A wireless communications technology that scatters data transmissions across the available frequency band in a pseudorandom pattern. Spreading the data across the frequency spectrum greatly increases the bandwidth, it also makes the signal resistant to noise, interference, and snooping. Spread-spectrum modulation schemes are commonly used with personal communications devices such as digital cellular phones, as well as with WLANs and cable modems.
A technique used for wireless transmission of digital signals whereby the signal is distributed over a wide frequency range.
A wideband modulation which imparts noise-like characteristics to an RF signal. This communications technique spreads a signal over a wide range of frequencies for transmission and then de-spreads it to the original data bandwidth at the receiver.
Originally developed by the military, spread spectrum radio transmission essentially "spreads" a radio signal over a very wide frequency band to make it difficult to intercept and difficult to jam. Most spread-spectrum signals use a digital scheme called frequency hopping. The transmitter frequency changes abruptly, many times each second. Between "hops," the transmitter frequency is stable. The length of time that the transmitter remains on a given frequency between "hops" is known as the dwell time.
Is the term used to describe the modulation technique for 802.11 and Bluetooth. The spread spectrum technique is used to increase the robustness of the wireless network. Spread spectrum comes at a cost though, speed is traded for reliability.
A technique where a narrow-band signal is spread over a broader portion of the radio frequency band.
A technique in which an already modulated signal is modulated a second time in such a way as to produce a waveform which interferes in a barely noticeable way with any other signal operating in the same frequency band. With spread spectrum technique, signal is spread over wider bandwidth than is needed for transmission. This technique reduces the effect of interference. Also see DSSS and FHSS.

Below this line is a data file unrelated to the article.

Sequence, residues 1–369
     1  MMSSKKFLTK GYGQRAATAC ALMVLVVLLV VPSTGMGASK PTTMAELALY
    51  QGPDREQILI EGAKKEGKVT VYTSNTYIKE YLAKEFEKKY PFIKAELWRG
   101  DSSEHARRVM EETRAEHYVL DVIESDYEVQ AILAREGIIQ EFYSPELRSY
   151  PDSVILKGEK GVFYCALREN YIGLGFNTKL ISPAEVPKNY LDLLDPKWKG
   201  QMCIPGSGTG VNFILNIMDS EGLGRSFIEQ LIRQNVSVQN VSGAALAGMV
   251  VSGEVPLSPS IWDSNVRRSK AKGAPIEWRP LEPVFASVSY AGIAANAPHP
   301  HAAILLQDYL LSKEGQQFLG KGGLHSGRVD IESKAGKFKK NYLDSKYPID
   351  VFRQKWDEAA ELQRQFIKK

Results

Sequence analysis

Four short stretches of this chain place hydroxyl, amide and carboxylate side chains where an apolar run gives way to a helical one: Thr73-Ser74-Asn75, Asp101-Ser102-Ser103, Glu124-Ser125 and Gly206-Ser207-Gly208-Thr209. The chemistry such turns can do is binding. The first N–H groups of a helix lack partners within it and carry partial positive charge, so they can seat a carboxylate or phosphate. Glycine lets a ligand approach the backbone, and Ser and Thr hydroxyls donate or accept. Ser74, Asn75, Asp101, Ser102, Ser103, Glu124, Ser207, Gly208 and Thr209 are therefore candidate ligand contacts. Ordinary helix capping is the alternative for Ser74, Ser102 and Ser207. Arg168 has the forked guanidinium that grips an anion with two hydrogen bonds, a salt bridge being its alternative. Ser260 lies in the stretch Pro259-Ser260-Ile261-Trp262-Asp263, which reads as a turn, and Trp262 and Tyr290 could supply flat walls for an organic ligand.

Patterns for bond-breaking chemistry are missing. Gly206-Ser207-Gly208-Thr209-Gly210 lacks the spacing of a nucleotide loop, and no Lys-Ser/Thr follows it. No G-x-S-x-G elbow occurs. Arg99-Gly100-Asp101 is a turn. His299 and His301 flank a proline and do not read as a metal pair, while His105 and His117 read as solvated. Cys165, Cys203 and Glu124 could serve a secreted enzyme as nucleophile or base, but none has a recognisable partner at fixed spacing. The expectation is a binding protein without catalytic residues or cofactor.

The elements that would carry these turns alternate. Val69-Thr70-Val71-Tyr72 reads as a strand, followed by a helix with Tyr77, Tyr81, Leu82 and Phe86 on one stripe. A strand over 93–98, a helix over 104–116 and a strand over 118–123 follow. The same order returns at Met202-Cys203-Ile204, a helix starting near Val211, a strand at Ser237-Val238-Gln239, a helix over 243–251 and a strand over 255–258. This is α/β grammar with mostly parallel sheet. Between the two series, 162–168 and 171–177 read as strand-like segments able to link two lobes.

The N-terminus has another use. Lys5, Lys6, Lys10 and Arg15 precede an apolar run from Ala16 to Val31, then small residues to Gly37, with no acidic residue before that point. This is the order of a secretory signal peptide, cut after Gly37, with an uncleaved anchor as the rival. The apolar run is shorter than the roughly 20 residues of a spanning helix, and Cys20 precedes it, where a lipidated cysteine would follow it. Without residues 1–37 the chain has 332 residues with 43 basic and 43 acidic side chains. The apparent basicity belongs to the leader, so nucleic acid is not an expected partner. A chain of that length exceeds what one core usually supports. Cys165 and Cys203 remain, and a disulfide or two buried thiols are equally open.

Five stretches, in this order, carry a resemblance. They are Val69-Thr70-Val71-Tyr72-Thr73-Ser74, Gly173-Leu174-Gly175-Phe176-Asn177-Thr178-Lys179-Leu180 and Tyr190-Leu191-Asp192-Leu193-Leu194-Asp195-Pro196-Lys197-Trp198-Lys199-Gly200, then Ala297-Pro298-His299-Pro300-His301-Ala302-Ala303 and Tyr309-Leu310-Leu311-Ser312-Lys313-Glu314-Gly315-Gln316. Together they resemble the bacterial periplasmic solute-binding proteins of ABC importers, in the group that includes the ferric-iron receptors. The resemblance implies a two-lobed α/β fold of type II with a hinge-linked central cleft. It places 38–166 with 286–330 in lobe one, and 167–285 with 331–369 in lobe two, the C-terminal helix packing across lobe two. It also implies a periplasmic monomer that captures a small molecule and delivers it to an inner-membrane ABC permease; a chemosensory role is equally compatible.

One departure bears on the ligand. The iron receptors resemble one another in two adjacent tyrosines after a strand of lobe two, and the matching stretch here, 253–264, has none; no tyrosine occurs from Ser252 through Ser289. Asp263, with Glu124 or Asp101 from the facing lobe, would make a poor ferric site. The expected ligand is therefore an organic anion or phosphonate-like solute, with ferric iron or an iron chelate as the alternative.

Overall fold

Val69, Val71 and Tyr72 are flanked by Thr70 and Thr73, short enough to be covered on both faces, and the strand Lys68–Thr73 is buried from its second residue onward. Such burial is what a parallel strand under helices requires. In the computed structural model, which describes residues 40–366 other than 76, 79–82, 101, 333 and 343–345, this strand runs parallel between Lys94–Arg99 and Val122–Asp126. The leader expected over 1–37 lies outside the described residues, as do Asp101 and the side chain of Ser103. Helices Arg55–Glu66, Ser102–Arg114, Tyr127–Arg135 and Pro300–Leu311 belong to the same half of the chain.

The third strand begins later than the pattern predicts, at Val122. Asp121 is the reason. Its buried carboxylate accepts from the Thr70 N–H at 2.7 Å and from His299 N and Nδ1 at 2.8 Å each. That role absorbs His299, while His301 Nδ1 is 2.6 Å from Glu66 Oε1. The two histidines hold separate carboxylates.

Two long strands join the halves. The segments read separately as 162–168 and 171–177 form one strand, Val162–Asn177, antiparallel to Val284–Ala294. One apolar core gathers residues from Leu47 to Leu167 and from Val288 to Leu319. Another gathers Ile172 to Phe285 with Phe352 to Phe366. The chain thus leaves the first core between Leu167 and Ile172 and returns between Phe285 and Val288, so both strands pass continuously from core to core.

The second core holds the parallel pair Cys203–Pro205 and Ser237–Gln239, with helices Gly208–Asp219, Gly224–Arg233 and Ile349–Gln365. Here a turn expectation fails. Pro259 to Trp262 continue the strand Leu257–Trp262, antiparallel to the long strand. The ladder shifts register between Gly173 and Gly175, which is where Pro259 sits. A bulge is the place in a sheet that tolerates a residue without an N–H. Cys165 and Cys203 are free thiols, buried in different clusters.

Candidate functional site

Spread spectrum is a form of wireless communications in which the frequency of the transmitted signal is deliberately varied - this results in a much greater bandwidth than the signal would have if its frequency were not varied.
A system in which the transmitted signal is spread over a frequency band much wider than the minimum bandwidth needed to transmit the information being sent. This is done by modulating with a pseudo random code, for GPS.
The term used to describe a number of methods of spreading a radio signal over multiple frequencies, either simultaneously (direct sequence) or in series (frequency hopping.) Bluetooth uses spread spectrum for added security and to minimize radio frequency interference.
A system, in which the transmitted signal is spread over a frequency band much wider than the minimum bandwidth needed, to transmit the data being sent. This process is performed by modulating with a pseudo-random GPS code.
Means of transmission in which information is carried encoded into discrete packages of information, then spread over a wide bandwidth for transmission to specific receivers which filter out the coded material.
Jamming-resistant and initially devised for military use, this radio transmission technology "spreads" information over greater bandwidth than necessary for interference tolerance and is now a commercial technology.
A digital modulation scheme which increases the signal carrying capacity of a given bandwidth allowing multiple signals to occupy the same frequency and distinguishing each one by its unique “ address.” The modulation process causes each signal's bandwidth to increase.
The received GPS signal is wide bandwidth and low power. The L-band signal is modulated with a pseudo-random noise code to spread the signal energy over a much wider bandwidth than the signal information bandwidth. This provides the ability to receive all satellites unambiguously and to give some resistance to noise and multipath.